Pop culture obsessives writing for the pop culture obsessed.
Pop culture obsessives writing for the pop culture obsessed.

The burgeoning Los Angeles punk scene in the early ‘80s found a natural ally in Roger Corman, a fellow fringe-dweller whose quick-and-dirty productions were naturally suited to the movement’s DIY aesthetic. All Corman appeared to require of Penelope Spheeris’ Suburbia were a few gratuitous nude scenes and a little violence; beyond that, he seemed perfectly happy to let her do what she wanted. Three years after her groundbreaking 1981 documentary The Decline Of Western Civilization, Spheeris grafted an anecdotal, occasionally contrived, ripped-from-the-headlines melodrama to another tough yet compassionate snapshot of the city’s wayward punkers. At its best, Suburbia plays like an L.A. version of Los Olvidados, Luis Buñuel’s 1950 classic about delinquent street kids in Mexico City: Spheeris doesn’t shy away from ugly, desperate, criminal acts, but she does give their lives some context. These are lost children, and she sees them for who they really are, warts and all.

Looking to escape their drunken, abusive mother, a sullen teenager (Bill Coyne) and his little brother (Andrew Pece) fall in with a group of young punks called “The Rejected.” (“T.R.” on their brands and graffiti tags.) As the name implies, “The Rejected” are a collection of delinquents from broken homes, all squatting together in a boarded-up home owned by the county. With jerry-rigged electricity and meals improvised from whatever they can steal from other peoples’ garage refrigerators and pantries, the gang form a tight-knit surrogate family in a condemned neighborhood where packs of wild, vicious (and yes, metaphorical) dogs hold sway. But when the punks start infiltrating middle-class suburbia, they get some blowback from a heavy-handed community organization known as “Citizens Against Crime.”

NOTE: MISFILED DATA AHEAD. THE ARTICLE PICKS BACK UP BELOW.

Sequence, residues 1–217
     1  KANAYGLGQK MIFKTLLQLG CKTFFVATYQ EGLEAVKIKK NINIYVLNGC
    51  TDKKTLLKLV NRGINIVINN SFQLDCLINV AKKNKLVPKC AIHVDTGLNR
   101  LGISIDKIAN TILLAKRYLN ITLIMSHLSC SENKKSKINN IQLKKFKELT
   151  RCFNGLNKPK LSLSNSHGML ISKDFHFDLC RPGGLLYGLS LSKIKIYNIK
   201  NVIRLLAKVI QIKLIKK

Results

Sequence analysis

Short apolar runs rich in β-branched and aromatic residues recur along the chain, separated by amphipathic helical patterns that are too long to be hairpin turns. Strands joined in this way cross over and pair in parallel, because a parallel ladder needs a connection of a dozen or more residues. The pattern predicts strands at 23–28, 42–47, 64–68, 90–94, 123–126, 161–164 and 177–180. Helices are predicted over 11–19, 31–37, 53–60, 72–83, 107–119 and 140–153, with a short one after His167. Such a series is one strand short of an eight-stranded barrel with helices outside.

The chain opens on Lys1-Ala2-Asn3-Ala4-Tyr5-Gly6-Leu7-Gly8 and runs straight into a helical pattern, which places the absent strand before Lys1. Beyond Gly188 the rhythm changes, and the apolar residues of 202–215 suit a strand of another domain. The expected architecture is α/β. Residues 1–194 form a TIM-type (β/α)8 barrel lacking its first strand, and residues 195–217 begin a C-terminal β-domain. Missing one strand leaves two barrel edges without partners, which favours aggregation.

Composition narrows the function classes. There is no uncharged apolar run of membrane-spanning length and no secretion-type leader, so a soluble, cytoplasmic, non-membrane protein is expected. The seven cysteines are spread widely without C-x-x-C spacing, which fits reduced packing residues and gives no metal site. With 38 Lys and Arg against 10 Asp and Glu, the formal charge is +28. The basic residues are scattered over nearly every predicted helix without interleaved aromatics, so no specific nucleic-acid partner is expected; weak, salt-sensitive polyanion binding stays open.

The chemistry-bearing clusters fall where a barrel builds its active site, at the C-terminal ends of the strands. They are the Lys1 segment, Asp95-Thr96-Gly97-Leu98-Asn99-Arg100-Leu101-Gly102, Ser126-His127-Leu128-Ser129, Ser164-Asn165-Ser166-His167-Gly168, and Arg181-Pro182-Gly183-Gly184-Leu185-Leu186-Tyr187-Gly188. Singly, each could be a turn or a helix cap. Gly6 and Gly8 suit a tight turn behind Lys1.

Suburbia has the attitude and exploitation kicks of other films about youth rebellion, including more than a few Cormans, but Spheeris’ fidelity to the real L.A. scene—including performances by non-actors and musicians like Flea, who appears with a pet rat—compensates for some contrivances in the writing. Spheeris’ heroes are guilty of everything “Citizens Against Crime” accuses them of doing: Loitering, stealing, vandalizing, even busting up a funeral home. Yet there’s no extracting their behavior from the heartbreaking realities of their marginalization, either. Pushed to the squalid confines of boarded-up houses on the edge of town, they fight to keep from being wiped out altogether. Spheeris and Corman succeed in bringing the audience to the front lines.


Key features: Two commentary tracks—an older one with Spheeris and a newly recorded one with Spheeris, co-producer Bert Dragin, and actor Jennifer Clay—are full of fond memories of the production, at least when the players aren’t actively struggling for recollection. There are also trailers for this and a few other Roger Corman production, and a mostly useless photo gallery.

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